4  name: cm-array-example
 6  validationFailureAction: enforce
 7  background: false
 8  rules:
 9  - name: validate-role-annotation
10    context:
11      - name: roles-dictionary
12        configMap:
13          name: roles-dictionary
14          namespace: default
15    match:
16      resources:
17        kinds:
18        - Deployment
19    validate:
20      message: "The role {{ request.object.metadata.annotations.role }} is not in the allowed list of roles: {{ \"roles-dictionary\".data.\"allowed-roles\" }}."
21      deny:
22        conditions:
23        - key: "{{ request.object.metadata.annotations.role }}"
24          operator: NotIn
25          value:  "{{ \"roles-dictionary\".data.\"allowed-roles\" }}"

This rule denies the request for a new Deployment if the annotation role is not found in the array we defined in the earlier ConfigMap named roles-dictionary.

Once creating this sample ClusterPolicy, attempt to create a new Deployment where the annotation role=super-user and test the result.

 1apiVersion: apps/v1
 2kind: Deployment
 4  name: busybox
 5  annotations:
 6    role: super-user
 7  labels:
 8    app: busybox
10  replicas: 1
11  selector:
12    matchLabels:
13      app: busybox
14  template:
15    metadata:
16      labels:
17        app: busybox
18    spec:
19      containers:
20      - image: busybox:1.28
21        name: busybox
22        command: ["sleep", "9999"]

Submit the manifest and see how Kyverno reacts.

1kubectl create -f deploy.yaml
Error from server: error when creating "deploy.yaml": admission webhook "validate.kyverno.svc" denied the request:

resource Deployment/default/busybox was blocked due to the following policies

  validate-role-annotation: 'The role super-user is not in the allowed list of roles: ["cluster-admin", "cluster-operator", "tenant-admin"].'

Changing the role annotation to one of the values present in the ConfigMap, for example tenant-admin, allows the Deployment resource to be created.

Variables from Kubernetes API Server Calls

Kubernetes is powered by a declarative API that allows querying and manipulating resources. Kyverno policies can use the Kubernetes API to fetch a resource, or even collections of resource types, for use in a policy. Additionally, Kyverno allows applying JMESPath (JSON Match Expression) to the resource data to extract and transform values into a format that is easy to use within a policy.

A Kyverno Kubernetes API call works just as with kubectl and other API clients, and can be tested using existing tools.

For example, here is a command line that uses kubectl to fetch the list of Pods in a Namespace and then pipes the output to jp which counts the number of pods:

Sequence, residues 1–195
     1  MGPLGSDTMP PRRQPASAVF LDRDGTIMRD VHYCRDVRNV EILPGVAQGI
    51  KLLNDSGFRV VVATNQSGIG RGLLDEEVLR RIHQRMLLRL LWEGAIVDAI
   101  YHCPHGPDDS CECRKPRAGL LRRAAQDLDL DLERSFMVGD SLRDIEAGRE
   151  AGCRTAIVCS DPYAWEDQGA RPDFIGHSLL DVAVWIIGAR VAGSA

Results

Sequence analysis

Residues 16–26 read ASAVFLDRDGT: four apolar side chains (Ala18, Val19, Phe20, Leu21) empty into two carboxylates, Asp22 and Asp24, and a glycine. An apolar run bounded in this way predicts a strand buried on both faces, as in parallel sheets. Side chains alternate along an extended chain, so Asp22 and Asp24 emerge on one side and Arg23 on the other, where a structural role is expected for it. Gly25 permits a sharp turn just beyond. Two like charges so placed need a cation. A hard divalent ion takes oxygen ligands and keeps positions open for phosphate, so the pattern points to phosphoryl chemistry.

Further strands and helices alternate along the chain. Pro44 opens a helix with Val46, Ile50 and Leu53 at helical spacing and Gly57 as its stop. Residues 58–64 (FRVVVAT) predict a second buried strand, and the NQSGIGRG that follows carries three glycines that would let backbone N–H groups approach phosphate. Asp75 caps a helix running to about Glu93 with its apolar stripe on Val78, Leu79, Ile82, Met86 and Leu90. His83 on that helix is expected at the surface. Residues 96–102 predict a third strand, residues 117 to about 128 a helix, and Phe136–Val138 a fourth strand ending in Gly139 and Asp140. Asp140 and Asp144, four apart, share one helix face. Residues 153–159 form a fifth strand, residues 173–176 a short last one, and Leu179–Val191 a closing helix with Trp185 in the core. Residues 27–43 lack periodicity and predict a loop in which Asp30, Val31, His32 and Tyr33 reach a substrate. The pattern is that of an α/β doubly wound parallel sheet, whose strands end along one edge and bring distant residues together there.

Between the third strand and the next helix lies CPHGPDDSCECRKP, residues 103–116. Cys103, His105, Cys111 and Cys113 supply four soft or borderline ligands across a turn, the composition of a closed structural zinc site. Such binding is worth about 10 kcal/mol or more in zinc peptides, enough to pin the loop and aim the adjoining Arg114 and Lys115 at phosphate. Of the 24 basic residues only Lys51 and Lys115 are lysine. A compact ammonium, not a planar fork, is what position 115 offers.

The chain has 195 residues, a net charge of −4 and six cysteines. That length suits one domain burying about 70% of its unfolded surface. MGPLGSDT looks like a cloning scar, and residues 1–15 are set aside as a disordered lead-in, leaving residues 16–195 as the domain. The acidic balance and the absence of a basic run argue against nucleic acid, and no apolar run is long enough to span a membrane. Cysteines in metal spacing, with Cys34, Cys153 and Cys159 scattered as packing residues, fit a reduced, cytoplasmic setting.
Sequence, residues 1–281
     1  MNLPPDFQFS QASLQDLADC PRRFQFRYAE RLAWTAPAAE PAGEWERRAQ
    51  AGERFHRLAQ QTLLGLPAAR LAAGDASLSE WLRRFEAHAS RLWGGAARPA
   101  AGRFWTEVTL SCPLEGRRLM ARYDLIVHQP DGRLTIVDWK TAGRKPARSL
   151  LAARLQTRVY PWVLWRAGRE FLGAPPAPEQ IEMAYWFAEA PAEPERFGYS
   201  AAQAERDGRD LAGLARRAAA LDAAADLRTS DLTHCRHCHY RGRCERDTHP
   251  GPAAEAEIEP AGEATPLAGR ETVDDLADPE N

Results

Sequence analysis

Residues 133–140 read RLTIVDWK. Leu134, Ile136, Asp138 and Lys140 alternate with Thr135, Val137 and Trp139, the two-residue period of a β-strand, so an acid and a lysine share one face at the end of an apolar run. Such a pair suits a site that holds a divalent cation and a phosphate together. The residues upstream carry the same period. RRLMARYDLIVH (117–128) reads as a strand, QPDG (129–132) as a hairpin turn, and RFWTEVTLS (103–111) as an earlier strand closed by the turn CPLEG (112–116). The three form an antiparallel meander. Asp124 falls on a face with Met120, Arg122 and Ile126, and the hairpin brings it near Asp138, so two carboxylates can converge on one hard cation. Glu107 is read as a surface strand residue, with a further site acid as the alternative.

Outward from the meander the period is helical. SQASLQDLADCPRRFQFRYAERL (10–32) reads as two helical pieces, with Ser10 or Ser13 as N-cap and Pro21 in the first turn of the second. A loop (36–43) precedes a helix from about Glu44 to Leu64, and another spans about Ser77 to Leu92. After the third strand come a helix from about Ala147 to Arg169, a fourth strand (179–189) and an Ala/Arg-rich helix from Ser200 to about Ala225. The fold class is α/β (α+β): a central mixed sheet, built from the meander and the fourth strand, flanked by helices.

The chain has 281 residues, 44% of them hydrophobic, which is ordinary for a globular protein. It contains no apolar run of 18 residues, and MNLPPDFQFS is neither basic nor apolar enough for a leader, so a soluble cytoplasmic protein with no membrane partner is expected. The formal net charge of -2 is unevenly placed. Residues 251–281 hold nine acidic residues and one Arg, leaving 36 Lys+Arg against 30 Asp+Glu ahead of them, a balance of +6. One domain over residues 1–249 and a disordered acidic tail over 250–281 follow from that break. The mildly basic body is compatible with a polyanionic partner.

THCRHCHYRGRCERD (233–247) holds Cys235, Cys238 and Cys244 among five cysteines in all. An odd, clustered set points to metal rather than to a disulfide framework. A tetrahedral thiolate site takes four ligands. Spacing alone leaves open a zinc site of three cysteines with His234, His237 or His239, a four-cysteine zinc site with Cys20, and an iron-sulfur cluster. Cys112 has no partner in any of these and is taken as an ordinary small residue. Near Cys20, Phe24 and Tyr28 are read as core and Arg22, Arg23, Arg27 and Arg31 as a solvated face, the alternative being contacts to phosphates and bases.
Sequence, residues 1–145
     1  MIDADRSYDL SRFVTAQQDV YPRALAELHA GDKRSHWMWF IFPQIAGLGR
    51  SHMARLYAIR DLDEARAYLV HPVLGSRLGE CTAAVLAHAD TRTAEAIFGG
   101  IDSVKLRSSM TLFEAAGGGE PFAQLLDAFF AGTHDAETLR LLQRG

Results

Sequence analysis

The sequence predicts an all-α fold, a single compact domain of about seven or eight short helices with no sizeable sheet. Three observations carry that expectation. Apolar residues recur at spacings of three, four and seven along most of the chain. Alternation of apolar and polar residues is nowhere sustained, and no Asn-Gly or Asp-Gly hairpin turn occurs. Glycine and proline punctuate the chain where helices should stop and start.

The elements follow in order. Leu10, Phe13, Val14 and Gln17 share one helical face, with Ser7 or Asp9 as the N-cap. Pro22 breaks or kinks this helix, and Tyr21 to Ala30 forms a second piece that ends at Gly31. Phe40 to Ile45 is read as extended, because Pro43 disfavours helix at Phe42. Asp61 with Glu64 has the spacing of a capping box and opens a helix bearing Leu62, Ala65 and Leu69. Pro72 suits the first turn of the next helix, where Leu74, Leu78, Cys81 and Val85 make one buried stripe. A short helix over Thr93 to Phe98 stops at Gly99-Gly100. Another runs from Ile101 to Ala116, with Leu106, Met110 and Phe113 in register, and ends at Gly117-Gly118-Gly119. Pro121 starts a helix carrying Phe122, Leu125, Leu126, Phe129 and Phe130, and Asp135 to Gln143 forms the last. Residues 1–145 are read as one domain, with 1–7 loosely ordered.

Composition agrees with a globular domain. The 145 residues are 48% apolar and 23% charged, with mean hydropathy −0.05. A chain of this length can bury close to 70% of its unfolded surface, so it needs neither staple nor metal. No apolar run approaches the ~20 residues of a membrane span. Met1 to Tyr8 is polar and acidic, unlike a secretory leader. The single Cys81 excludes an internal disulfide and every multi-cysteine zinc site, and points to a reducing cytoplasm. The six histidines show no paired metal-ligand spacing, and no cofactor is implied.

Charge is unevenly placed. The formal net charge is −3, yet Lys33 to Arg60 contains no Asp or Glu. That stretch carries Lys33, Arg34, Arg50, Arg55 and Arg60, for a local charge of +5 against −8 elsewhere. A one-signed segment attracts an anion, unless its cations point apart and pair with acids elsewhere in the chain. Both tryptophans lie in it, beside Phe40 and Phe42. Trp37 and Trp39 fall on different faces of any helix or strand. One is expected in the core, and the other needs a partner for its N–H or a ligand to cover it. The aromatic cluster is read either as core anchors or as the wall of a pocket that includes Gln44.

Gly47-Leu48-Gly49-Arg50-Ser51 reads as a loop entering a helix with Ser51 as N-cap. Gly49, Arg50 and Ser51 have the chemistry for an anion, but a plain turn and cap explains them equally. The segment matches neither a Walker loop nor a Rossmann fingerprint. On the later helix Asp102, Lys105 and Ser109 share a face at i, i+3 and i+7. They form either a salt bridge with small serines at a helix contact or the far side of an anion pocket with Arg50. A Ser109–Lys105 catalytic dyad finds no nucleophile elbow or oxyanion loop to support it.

1kubectl get --raw /api/v1/namespaces/kyverno/pods | jp "items | length(@)"

The corresponding API call in Kyverno is defined as below. It uses a variable {{request.namespace}} to use the Namespace of the object being operated on, and then applies the same JMESPath to store the count of Pods in the Namespace in the context as the variable podCount. This new variable can then be used in the policy rule.

2- name: example-api-call
3  context:
4  - name: podCount
5    apiCall:
6      urlPath: "/api/v1/namespaces/{{request.namespace}}/pods"
7      jmesPath: "items | length(@)"   

URL Paths

The Kubernetes API organizes resources under groups and versions. For example, the resource type Deployment is available in the API Group apps with a version v1.

The HTTP URL paths of the API calls are based on the group, version, and resource type as follows:

  • /apis/{GROUP}/{VERSION}/{RESOURCETYPE}: get a collection of resources
  • /apis/{GROUP}/{VERSION}/{RESOURCETYPE}/{NAME}: get a resource

For namespaced resources, to get a specific resource by name or to get all resources in a Namespace, the Namespace name must also be provided as follows:

  • /apis/{GROUP}/{VERSION}/namespaces/{NAMESPACE}/{RESOURCETYPE}: get a collection of resources in the namespace
  • /apis/{GROUP}/{VERSION}/namespaces/{NAMESPACE}/{RESOURCETYPE}/{NAME}: get a resource in a namespace

For historic resources, the Kubernetes Core API is available under /api/v1. For example, to query all Namespace resources the path /api/v1/namespaces is used.

The Kubernetes API groups are defined in the API reference documentation and can also be retrieved via the kubectl api-resources command shown below:

 1$ kubectl api-resources
 2NAME                              SHORTNAMES   APIGROUP                       NAMESPACED   KIND
 3bindings                                                                      true         Binding
 4componentstatuses                 cs                                          false        ComponentStatus